From a physical model to 3D and back again

As far as the work of the designers themselves is concerned, it starts with sketching, of course: first in good old 2D, but then more and more in 3D. “That makes it easy to pass our vision on to our digital modellers, who work with the designers to develop the idea into a more concrete 3D model,” explains Dimitrios Darkoudis. “We do a lot of work with virtual reality these days,” adds Jiri Hadaščok. Martin Bogner, head of the digital modelling team, also describes the recent shift: “While we used to work mainly with clay models, now most of our work is done in the digital realm.”

The design of a car's lights has a huge impact on its overall looks.

Different design variants are created in 3D models as the work goes into greater and greater detail. Take the car’s lights, for example. “A car can have beautiful lines, but if the lights aren’t right it ruins the whole impression. The lights are the jewels that make the car shine and give it a unique look. That’s why they are extremely important and we take a lot of pride in their design, which means that, again, the light designers get involved in the process from the very first sketches,” Hadaščok points out. In the first stages, the lights specialists try to understand the designers’ idea and start to think of a suitable solution, which is then incorporated into the digital models. Just how good Škoda light designers are at their job is demonstrated by a recent award from the prestigious Car Design News platform.

The digital models are then converted into physical models made from clay (technically called industrial plasticine). “For concepts for car shows and future production cars, we make everything in 1:1 scale, because some important proportions or fine details may not stand out in a smaller scale,” explains Vlastimil Pažout, coordinator of physical model construction. Initially, the exterior, interior and physical models have various alternative designs, which are scrutinised, altered and fine-tuned in different ways. “Out of six to eight virtual designs we select four, which we make as physical models,” says Jiří Hadaščok.

The modelling team makes both digital and physical models.

The physical models aren’t only important for understanding the overall impression the design creates, they also help crystallise specific details. “Ergonomics are important for the steering wheel and other interior elements, for example,” explains Lukáš Vaněk from the interior design department. “So we quickly move on from sketches to 3D iterations of the steering wheel. Then we create a 3D printed model we can use to evaluate the ergonomics, so we can make further adjustments to it in 3D and verify it again,” he adds. Only then is the steering wheel model for the entire interior model made. This model is also given the appropriate material or trim pattern. Everything will still have to be fine-tuned further, but this shows how closely connected the different areas really are.

Keeping an eye on the clock

“What’s more, all of this is going on at the same time,” says Vaněk, who has to keep track of the various projects, supporting the team’s creativity while helping his colleagues to harmonise the design language so that there are no jarring elements. The UX team, for example, keeps working on improvements to the interior ergonomics up to the last minute, and the same goes for other areas. In the case of the interior, the Feasibility team gets involved at the stage of the most intensive fine-tuning of details (but even that starts surprisingly early). Together with the constructors, designers and the Color & Trim department, the Feasibility team works with suppliers to assess whether the various elements can be manufactured, and at what cost. In the case of the exterior, the car’s manufacturing feasibility from the design perspective is the responsibility of the exterior design team, supported by design management, who work with the data team known as STRAK. The STRAK team creates the car as a data model for verifying compliance with requirements such as homologation or various internal technical requirements. A lot of time is spent working on these data.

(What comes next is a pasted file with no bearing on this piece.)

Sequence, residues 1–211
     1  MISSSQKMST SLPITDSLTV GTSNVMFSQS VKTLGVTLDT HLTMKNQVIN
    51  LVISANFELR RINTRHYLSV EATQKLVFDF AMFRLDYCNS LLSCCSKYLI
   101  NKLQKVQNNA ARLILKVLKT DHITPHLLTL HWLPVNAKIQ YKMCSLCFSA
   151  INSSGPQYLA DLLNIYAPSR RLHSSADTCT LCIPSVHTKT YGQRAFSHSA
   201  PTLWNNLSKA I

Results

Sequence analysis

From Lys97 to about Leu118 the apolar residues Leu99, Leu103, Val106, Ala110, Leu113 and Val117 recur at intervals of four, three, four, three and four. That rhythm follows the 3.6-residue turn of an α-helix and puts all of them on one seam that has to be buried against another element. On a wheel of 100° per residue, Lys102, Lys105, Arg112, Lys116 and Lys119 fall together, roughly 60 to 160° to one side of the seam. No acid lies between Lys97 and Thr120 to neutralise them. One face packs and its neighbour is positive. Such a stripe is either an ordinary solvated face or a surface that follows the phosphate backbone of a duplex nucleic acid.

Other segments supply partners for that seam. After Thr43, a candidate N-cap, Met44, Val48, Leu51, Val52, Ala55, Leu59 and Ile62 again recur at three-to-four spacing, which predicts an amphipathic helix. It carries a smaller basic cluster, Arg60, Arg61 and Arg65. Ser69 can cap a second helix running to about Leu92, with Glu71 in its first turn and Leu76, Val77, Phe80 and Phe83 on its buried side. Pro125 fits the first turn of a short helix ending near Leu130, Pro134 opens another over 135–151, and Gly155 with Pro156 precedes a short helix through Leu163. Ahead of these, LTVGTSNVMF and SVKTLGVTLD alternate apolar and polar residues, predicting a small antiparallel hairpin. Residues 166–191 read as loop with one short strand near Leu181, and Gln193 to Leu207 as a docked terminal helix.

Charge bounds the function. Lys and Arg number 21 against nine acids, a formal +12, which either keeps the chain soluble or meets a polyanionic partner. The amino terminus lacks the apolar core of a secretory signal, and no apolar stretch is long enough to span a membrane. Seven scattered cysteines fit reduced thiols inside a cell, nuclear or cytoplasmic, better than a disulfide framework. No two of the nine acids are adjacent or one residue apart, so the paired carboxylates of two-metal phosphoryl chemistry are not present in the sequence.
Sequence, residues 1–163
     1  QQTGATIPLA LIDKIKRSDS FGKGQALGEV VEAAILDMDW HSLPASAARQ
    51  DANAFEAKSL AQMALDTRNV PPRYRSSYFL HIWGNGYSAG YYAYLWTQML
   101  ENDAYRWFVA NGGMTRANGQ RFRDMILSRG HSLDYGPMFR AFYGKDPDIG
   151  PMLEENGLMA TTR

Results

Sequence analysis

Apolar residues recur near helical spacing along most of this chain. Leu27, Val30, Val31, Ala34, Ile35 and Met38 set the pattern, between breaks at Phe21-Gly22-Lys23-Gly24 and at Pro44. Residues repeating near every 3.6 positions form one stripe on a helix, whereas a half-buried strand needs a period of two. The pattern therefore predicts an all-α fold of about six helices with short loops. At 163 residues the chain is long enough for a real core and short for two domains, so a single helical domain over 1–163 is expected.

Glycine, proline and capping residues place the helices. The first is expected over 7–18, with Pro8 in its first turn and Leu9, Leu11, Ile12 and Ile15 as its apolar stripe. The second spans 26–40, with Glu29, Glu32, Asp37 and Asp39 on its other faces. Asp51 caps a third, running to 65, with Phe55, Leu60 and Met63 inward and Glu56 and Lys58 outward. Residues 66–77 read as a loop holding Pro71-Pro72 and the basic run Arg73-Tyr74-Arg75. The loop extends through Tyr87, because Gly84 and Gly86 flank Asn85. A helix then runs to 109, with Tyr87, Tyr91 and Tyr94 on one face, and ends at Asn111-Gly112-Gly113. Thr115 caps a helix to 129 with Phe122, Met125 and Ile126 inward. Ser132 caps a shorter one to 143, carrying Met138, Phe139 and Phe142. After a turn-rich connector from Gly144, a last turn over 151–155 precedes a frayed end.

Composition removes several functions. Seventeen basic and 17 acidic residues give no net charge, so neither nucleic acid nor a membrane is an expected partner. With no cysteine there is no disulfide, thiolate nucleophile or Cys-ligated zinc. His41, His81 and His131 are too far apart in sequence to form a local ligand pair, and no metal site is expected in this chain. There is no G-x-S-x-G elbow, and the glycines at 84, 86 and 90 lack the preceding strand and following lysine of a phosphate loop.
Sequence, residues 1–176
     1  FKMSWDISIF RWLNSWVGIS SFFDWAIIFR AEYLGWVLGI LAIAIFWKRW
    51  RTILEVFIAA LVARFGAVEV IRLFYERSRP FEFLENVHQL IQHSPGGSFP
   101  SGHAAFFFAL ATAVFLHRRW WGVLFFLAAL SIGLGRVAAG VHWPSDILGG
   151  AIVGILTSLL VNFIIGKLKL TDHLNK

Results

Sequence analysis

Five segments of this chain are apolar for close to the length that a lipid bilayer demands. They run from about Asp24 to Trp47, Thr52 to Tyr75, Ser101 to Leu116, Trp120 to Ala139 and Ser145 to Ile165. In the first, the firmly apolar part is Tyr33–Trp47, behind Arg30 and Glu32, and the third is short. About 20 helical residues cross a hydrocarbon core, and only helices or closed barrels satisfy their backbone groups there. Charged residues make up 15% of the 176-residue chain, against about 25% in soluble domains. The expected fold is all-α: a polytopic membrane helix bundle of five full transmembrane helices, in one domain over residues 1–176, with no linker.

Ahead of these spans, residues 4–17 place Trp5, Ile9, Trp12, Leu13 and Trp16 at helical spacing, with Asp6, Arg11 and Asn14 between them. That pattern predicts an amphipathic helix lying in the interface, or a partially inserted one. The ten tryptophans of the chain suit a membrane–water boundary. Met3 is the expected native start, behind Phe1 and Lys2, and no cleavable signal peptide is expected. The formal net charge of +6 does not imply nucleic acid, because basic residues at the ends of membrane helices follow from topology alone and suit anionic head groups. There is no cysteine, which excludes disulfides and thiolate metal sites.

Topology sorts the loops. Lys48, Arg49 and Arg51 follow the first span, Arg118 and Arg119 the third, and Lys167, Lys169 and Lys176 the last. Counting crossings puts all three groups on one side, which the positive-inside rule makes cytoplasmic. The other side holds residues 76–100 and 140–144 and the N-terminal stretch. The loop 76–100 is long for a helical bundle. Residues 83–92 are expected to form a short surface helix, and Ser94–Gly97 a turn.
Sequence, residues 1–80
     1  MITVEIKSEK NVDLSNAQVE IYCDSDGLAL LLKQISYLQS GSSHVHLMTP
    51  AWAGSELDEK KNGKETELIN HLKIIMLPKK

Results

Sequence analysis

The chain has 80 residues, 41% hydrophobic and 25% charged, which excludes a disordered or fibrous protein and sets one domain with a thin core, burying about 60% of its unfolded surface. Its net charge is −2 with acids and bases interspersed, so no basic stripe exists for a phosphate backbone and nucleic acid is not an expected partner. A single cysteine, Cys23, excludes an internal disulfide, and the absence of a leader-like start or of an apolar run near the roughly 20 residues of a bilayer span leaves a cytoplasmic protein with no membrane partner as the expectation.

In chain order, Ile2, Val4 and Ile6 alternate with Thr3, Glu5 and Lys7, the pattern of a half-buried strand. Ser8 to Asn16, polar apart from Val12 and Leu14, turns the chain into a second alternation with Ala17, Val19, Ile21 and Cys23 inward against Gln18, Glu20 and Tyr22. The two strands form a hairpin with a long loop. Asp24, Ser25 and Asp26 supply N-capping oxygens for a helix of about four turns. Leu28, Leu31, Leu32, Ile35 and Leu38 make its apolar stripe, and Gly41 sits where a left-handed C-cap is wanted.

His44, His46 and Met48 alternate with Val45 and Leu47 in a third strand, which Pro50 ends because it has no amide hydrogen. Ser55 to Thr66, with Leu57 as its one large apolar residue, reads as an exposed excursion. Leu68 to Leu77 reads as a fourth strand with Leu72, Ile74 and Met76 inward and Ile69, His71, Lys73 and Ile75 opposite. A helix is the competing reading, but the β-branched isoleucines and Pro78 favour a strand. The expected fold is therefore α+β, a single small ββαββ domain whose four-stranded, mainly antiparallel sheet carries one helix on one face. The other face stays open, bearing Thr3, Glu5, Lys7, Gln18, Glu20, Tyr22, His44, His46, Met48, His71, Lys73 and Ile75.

The presentation support team can’t afford to be out by even a millimetre when design models are presented.

By now, the design process for the new car is nearing completion, but throughout this time there has been another team involved – the design presentation support team. This team helps the designers prepare all the presentations of the upcoming car, both in-house presentations for approval and decision-making and events to unveil the car to the public. “The interesting thing about our in-house presentations is that the quality of all the design versions is the same. We may have our own favourites, but they are all produced to exactly the same quality at whatever stage the management wants to judge them and choose which one will be taken further,” Jiří Hadaščok says. Monitoring consistent quality is another aspect of his job. “Michal Morávek’s presentation team helps us with all of this, whether it is presentations here in Mladá Boleslav or our recent presentations in Germany or Spain,” Lukáš Vaněk says appreciatively.

Time to stop

It is in a designer’s nature to keep tweaking a design while they can. But at some point you have to stop and show the new car to the world. Chief designer Oliver Stefani described it best. “You know, designing is sometimes like drawing or painting, and there are some painters who can never finish a piece – they keep going back to it, adding something here and redoing something there. I think we have done the best we could at that particular moment. After all, the cars we have today are very successful,” he said, praising his colleagues’ long hours of work as he unveiled the brand’s new design language.